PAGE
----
Businessman David Meller, who attended the fundraiser, is stepping down from the British Department for Education board, minister Anne Milton told MPs.

The UK Charity Commission said it is looking into the allegations "as a matter of urgency".

Tracy Howarth, head of regulatory compliance, said: "Charities have a duty to fundraise responsibly and in line with their values.

"Trustees must also consider the well-being and protection of staff and all those who come into contact with their charity - not just those they are there to help."

David Walliams who hosted the event has responded to the reports on Twitter:

Earlier: Waitresses allegedly groped at men-only charity dinner in London

The organisers of a prestigious men-only charity dinner have said they are "appalled" by allegations of sexual harassment at the event.

Two undercover UK Financial Times journalists reported that waitresses were groped and propositioned by guests at the Presidents Club annual fundraiser at London’s Dorchester Hotel.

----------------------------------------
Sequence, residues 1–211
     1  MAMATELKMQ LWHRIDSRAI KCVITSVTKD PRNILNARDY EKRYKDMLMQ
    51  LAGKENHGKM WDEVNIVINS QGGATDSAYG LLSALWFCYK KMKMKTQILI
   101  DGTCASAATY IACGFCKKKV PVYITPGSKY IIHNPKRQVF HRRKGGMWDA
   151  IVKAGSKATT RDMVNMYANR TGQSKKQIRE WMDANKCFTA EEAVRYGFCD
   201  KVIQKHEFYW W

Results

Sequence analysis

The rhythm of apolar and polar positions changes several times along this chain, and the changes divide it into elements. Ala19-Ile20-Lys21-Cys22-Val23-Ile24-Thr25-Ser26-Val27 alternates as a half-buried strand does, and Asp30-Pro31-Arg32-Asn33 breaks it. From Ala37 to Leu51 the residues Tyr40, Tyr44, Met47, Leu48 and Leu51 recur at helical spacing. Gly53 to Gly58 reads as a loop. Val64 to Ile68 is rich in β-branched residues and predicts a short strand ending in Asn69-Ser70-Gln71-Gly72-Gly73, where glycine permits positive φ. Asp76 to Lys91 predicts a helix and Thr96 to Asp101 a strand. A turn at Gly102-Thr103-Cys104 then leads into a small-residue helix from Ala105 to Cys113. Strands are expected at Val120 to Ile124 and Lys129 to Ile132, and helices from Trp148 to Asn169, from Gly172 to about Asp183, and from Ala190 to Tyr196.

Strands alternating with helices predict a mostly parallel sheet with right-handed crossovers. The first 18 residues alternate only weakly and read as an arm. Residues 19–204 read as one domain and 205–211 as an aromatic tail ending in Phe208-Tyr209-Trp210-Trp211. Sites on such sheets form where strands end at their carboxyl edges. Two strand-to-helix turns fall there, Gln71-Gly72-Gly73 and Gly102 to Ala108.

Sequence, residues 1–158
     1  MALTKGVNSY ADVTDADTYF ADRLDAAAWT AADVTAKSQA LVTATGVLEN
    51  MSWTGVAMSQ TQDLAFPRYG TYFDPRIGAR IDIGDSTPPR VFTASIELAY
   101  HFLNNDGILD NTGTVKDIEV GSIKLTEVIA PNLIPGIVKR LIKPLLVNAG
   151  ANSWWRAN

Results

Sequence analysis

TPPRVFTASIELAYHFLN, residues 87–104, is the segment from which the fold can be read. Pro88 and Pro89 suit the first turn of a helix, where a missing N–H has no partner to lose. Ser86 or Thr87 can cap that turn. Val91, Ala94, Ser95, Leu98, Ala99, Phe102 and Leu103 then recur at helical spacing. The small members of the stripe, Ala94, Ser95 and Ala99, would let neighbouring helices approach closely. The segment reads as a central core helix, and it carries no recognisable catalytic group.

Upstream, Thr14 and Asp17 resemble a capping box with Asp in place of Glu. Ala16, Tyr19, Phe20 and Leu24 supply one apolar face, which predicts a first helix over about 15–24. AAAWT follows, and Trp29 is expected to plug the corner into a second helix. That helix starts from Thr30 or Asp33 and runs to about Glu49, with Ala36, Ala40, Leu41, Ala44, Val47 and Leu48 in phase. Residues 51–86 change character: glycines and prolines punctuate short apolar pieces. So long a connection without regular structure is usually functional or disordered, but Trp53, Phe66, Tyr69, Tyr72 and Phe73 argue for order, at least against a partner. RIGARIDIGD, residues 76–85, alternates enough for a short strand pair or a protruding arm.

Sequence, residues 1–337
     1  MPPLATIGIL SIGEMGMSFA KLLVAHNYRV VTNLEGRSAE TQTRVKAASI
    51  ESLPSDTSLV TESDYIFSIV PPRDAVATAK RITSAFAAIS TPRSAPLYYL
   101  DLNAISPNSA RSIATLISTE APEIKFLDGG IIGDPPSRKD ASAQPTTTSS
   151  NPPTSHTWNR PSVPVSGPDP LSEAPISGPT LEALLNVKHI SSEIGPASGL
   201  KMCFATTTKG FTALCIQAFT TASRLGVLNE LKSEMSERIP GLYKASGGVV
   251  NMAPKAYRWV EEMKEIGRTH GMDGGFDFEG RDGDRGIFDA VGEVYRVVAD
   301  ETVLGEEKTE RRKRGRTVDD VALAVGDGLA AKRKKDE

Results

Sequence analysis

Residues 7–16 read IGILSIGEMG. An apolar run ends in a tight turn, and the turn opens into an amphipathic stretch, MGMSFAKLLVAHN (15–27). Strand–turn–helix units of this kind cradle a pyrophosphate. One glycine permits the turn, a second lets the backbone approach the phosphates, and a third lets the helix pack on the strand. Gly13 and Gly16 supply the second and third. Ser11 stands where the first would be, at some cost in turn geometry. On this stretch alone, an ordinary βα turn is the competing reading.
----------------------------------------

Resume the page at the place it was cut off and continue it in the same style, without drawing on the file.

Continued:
Hostesses were allegedly told to wear black underwear and "sexy" black shoes for their shift.

Organisers have vowed to investigate claims of "bad behaviour", which included guests groping women, inviting them up to bedrooms and one diner indecently exposing himself.

A spokesman said: "The Presidents Club recently hosted its annual dinner, raising several million pounds for disadvantaged children.

"The organisers are appalled by the allegations of bad behaviour at the event asserted by the Financial Times reporters.

"Such behaviour is totally unacceptable. The allegations will be investigated fully and promptly and appropriate action taken."

The event has raised €22.8 million for children’s charities over 32 years, including Great Ormond Street Hospital and Evelina Children’s Hospital.

Items at Thursday’s auction reportedly included lunch with British Foreign Secretary Boris Johnson, a trip to the Windmill strip club in Soho and plastic surgery "to spice up your wife".

Leading figures in business, politics and finance attended the event hosted by comedian and children’s author David Walliams, who is not the subject of any allegations.

UK Department for Education board member David Meller is among the trustees.